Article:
The gruesome murder of Qandeel Baloch has triggered a curious set of reactions in the media on both sides of the border. In Pakistan, the response has been pretty straightforward. While the liberal media has denounced the killing, the conformists haven't spared Baloch even in death, instead springing to the defence of the brother who strangulated her.
In India, however, the tragic snuffing out of a non-conformist defiant girl's life has not received the unqualified condemnation it deserves. In a strange fear, where criticising Baloch's killing may upset the fragile balance of political correctness that rules their pretentious universe, some commentators have tried to stall discussion over the heinous crime by drawing all sorts of false equivalences.
The murder of a woman who defied convention, broke through regressive social mores and insisted on being seen and heard in a society where women are always advised to remain invisible, must be absolute. It should not be held hostage to fear of Islamophobia, even if there seems to be a direct link between her brother Muhammad Wasim's outdated cultural, social and religious beliefs that provided context to the heinous act of criminality.
It is the least we could do to pay respect to the trailblazer who in her own wonderfully kitschy, narcissistic way, challenged a society where women are constantly subjected to varying versions and degrees of shame and took in her stride the countless threats and slut-shaming that was heaped on her.
Baloch's irreverent social media posts and her defiant lifestyle was seen as a major threat to Pakistan's deeply conservative society where strident mores of patriarchy meet the tenets of shariah law in a complex mix.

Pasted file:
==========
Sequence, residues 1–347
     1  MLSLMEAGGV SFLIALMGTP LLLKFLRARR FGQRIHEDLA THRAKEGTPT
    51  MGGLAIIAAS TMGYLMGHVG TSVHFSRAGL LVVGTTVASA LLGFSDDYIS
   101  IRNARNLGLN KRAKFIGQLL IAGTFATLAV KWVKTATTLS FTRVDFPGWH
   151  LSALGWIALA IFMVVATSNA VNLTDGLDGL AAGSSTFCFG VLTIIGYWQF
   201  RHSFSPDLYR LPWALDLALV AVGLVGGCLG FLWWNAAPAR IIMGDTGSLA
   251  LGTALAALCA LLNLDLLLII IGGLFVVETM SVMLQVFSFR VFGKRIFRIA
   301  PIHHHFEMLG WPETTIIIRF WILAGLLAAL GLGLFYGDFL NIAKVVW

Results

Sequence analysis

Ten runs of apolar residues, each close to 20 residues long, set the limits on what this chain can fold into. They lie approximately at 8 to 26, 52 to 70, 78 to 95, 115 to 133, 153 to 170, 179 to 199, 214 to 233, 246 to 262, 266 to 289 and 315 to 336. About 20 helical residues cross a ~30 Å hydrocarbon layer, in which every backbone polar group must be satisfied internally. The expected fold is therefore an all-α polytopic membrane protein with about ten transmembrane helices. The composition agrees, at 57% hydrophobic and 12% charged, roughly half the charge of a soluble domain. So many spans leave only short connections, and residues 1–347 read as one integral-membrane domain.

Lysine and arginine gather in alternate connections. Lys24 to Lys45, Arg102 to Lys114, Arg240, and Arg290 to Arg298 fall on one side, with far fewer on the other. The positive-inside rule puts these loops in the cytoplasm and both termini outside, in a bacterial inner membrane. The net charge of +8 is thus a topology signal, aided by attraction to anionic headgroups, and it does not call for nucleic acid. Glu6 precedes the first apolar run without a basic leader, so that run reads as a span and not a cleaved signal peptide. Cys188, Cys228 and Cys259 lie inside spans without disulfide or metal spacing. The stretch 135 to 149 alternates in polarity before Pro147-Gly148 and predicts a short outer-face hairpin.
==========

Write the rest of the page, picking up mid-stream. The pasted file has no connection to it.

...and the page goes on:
Buzzfeed's Dubai-based staffer Imaan Sheikh writes in a brilliant piece titled We all killed Qandeel, that in a society where "family matters are supposed to be whispered about behind closed doors, Qandeel talked openly about how she was forcibly married at 17, and was tortured by her husband who even threatened to burn her face with acid. She escaped with her baby son, whose custody she lost, and took refuge at a welfare centre.
"Even this horrifying domestic violence case was called 'drama' by hundreds of Pakistanis, who laughed at her..."
Her brother, since the murder, has appeared totally remorseless before the media. "Yes of course, I strangled her," Wasim told reporters in Multan on Sunday. "It was around 10.45 pm when I gave her a tablet (drugged her)... and then killed her. I am not embarrassed at all over what I did. Whatever was the case, it (his sister's behaviour) was completely intolerable."
It may shock us, but Wasim's defiance is a testament to his conviction that he was merely upholding the family's honour by killing his sister. In the strange way that patriarchy operates, women, the most fragile species that must be guarded and kept in tight control by men are also the custodians of honour. The hands that squeezed Baloch's throat were of his brother's, but Wasim was emboldened by the belief that out there in the wide, his act won't be deemed as a criminality by a society which teaches a woman to be ashamed of her body.